Analytics, and winning soccer (fútbol) teams!


The old saying KISS (Keep It Simple) can be applied to just about anything, including sports analytics. Here I use SAS to create some simple charts to analyze a winning soccer team...

To get you into the right mood, here is a picture of my friend Jennifer's dog, who loves soccer :)


In a previous blog post, I showed several fancy graphs you could use for sports analytics. And with the world cup upon us, I thought it would be interesting to re-use some of those graphs to analyze soccer data. But the more I looked at prior World Cup soccer data, the more I noticed that the simple bar charts actually worked best.

Spain was the winner of the 2010 World Cup, so let's see what was so special about Spain in the tournament games.

First I assumed that the winning team probably scored the most goals. But they were actually in the middle when it came to goals per game:


How about the % of shots on target, or the % of their shots that made goals? Nope! They were also right in the middle in those areas too!



So, where did Spain "stand out" in the graphs? They were #1 in Overall Pass Completion:


They were #1 in Shots Excl Blocked Shots:


They were #2 for having the least number of Yellow Cards:


And they were #3 in having the lowest Average Goals Conceded per Game:


Ok you soccer players & fans - were there any surprises here?!? Can any of you SMEs (subject matter experts) help further explain the data - are these factors important, or just a coincidence? What's your theory on what it takes for a team to win the World Cup, and do you have any data & analytics to help support your theory? :)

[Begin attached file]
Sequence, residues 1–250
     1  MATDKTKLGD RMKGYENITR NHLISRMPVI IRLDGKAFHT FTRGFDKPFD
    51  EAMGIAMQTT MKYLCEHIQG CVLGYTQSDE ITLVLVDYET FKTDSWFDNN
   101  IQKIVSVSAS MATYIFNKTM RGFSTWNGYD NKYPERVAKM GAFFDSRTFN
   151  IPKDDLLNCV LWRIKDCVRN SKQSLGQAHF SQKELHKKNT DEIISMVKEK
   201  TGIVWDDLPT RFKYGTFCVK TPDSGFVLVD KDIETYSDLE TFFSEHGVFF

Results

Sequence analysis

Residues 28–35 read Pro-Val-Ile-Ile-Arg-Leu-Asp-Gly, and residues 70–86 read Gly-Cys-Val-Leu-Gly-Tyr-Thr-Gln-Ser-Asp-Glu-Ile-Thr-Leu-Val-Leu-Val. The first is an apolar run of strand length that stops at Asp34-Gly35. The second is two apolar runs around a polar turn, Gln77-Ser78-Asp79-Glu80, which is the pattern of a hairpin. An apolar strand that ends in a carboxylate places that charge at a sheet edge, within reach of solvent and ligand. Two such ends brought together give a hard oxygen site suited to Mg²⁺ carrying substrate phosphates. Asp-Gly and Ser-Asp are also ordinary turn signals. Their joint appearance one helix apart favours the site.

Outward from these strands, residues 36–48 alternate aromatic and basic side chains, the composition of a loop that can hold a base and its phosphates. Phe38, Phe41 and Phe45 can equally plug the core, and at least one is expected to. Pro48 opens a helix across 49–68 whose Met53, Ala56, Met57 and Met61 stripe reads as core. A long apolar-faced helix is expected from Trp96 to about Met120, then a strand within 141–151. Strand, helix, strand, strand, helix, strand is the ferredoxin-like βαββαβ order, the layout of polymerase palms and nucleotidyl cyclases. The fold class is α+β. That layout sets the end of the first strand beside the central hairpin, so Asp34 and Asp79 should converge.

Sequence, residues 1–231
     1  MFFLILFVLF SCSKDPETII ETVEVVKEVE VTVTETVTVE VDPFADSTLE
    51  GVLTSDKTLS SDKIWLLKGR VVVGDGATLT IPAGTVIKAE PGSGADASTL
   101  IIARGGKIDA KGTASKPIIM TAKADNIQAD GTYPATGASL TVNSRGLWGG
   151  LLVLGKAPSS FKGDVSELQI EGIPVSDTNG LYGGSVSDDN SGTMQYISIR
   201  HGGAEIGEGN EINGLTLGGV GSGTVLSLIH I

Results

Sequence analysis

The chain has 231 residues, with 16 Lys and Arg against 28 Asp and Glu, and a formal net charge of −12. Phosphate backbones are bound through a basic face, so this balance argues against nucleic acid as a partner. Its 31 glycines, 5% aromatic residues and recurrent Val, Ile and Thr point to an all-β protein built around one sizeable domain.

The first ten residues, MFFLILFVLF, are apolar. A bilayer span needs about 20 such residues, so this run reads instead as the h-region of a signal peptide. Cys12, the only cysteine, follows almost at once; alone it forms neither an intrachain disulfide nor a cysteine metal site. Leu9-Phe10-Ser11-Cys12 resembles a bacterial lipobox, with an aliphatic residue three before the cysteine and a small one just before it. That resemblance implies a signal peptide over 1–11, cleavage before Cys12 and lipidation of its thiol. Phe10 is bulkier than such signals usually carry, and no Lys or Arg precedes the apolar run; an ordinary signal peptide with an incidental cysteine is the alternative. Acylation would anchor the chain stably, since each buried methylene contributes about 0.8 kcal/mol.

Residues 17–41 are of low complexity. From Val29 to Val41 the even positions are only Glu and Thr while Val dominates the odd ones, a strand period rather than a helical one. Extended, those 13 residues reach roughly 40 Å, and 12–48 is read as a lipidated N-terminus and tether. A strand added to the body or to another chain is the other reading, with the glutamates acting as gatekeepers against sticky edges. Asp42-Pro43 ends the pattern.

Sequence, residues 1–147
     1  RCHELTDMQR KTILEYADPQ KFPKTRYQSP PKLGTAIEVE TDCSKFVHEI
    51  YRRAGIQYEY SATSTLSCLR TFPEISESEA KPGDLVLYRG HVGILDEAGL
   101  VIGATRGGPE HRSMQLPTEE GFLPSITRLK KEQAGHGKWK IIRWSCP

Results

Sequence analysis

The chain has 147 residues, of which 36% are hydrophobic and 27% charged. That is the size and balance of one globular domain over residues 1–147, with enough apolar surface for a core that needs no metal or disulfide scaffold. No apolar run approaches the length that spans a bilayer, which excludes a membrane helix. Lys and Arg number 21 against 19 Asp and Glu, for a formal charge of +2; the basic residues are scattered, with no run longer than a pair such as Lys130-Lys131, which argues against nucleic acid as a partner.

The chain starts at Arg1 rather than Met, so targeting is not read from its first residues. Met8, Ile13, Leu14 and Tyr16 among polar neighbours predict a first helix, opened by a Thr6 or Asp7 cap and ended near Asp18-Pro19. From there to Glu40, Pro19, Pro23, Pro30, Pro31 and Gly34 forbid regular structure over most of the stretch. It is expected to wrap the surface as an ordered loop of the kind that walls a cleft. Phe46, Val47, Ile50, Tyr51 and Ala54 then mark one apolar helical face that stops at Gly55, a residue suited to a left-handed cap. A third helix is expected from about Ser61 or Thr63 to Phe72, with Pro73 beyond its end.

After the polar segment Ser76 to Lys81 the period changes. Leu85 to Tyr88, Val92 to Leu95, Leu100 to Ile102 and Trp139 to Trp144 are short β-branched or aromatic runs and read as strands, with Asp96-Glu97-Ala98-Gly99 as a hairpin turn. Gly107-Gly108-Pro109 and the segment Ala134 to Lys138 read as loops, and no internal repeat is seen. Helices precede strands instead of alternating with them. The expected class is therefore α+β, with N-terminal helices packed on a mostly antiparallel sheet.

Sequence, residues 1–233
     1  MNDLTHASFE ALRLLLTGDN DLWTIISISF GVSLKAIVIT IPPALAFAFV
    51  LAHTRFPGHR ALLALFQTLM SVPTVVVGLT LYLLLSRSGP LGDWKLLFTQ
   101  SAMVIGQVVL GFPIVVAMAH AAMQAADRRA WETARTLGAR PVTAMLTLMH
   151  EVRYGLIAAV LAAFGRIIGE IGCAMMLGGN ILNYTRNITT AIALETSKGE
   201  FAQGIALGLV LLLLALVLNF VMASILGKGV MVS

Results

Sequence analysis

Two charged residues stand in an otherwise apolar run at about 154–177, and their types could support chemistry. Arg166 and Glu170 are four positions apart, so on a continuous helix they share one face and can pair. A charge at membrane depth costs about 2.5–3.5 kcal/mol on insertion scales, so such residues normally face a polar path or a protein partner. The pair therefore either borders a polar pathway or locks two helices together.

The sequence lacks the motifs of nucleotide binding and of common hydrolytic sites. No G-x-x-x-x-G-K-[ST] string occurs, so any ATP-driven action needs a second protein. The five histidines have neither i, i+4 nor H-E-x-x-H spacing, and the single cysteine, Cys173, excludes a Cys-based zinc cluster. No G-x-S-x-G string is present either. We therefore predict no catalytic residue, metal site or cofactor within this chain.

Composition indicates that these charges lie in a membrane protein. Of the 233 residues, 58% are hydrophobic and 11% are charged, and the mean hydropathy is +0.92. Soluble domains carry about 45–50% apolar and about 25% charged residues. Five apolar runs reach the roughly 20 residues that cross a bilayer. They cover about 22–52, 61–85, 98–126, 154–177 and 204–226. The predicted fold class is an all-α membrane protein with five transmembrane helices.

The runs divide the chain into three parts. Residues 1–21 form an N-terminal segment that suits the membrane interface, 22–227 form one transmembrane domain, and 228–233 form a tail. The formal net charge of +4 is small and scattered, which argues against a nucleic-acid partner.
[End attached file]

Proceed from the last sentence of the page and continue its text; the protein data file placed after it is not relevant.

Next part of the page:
About Author

Robert Allison

The Graph Guy!

Robert has worked at SAS for over a quarter century, and his specialty is customizing graphs and maps - adding those little extra touches that help them answer your questions at a glance. His educational background is in Computer Science, and he holds a BS, MS, and PhD from NC State University.


  1. An interesting piece of analysis - two points though:

    1. Defence is as important as attack - Spain kept more "clean sheets" than any other team (5), particularly important when you realise they didn't concede a single goal during the knockout phase.

    2. Not all goals are equal e.g. during the whole tournament Spain only scored one goal more than Portugal but all of Portugal's goals came in their 7-0 thumping of North Korea; also Ivory Coast had more goals per game than Spain but were eliminated in the group stage, so context is vital!

  2. Luck=(Ronaldo scoring against US in last seconds to tie, risking US advancement) & (Ronaldo scoring against Ghana in final minutes to give Portugal the lead, causing US advancement despite US loss to Germany)

  3. Maziar Hosseinzadeh on

    Interesting charts, but what do we see if we look at the second best team (Netherlands)?
    They were far better in Goals to Shots or Shots on Target. Moreover, they were number one in Yellow Cards!
    Maybe we need a bar chart for LUCK as well.

      • Maziar Hosseinzadeh on

        I'm thinking if we can quantify LUCK in soccer: what is it? When the ball hits the post? An own goal?

        • Robert Allison
          Robert Allison on

          And after we find a way to quantify LUCK ... then we have to find a way to predict/forecast it!

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